If you enjoy Japanese cuisine, you have probably tasted, or at least come across, the popular dish known as ‘Tonkatsu’. For those of you who have not heard of this, it is essentially a pork cutlet that has been tenderized and then deep-fried in a panko breading. Indeed, the suffix ‘katsu’ actually comes from ‘katsuretsu’, which is a corruption of the English ‘cutlet’. Often, the cutlet is served over shredded cabbage and it always comes with a sweetish, brown ‘katsu sosu’, which is basically a thickened, Japanese style Worcestershire sauce. At Wasabi, they have made deep-fried oysters a ‘katsu’ preparation by serving it, somewhat innovatively, with the very same sort of sauce.
My disappointment with this dish lay primarily in the fact that it was very poorly executed. The deep-fry oil was clearly old and past its best, yielding a greasy result, and the ratio of breading was too high. I could taste oyster in a few places here and there but, otherwise, I could have been eating any (very mild) whitefish, or plain old clam. If that were not enough, the whole was overcooked and very carelessly allowed to lump together so that the three oysters formed one, fused mass.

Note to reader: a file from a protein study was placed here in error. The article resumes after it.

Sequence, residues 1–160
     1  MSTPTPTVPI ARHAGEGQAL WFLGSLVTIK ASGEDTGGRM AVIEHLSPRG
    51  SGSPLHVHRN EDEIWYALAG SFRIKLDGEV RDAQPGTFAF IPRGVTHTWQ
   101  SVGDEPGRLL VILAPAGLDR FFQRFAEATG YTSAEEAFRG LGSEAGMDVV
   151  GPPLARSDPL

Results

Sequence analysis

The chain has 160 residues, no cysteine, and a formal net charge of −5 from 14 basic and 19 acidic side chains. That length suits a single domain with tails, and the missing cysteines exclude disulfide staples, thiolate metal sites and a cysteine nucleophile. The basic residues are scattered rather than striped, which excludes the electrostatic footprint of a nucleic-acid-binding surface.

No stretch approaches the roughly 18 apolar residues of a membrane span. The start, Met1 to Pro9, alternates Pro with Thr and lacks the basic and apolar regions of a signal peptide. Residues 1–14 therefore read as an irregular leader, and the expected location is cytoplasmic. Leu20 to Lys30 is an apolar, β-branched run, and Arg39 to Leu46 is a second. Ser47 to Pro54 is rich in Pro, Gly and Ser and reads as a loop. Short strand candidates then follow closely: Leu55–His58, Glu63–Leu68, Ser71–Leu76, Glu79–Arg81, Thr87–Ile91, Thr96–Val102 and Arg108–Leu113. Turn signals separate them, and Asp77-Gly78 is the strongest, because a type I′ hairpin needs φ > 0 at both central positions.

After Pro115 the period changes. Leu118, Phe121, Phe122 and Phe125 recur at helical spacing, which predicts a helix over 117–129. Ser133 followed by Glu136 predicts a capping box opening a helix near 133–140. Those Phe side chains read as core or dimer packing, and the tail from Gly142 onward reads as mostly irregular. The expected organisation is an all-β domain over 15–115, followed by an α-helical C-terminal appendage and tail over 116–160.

Beyond that disappointment, I have to say that the ‘katsu’ sauce just didn’t work here, in my opinion. It is perfectly okay with pork (although still not my favorite), but with oyster the flavors just didn’t complement one another very well. I’ll be deep-frying oysters at home as the opportunity arises, but I think, on the whole, that I’ll be giving the Worcestershire type dipping sauces a miss….
This is the first use of the Qikiqtarjuaq Clams my wife bought while I was away on Court circuit. For this recipe, I am going to deep fry the whole clam rather than just the muscular ‘strip’ so it will be, as they say in New England and the Maritimes, ‘Fried Clam with Belly’. I have always loved fried clams but I try to avoid too many deep-fried foods (and these can be very rich) so I am just doing three each for me and the wife as a little appetizer… Continue reading “Deep-Fried Clam Appetizer”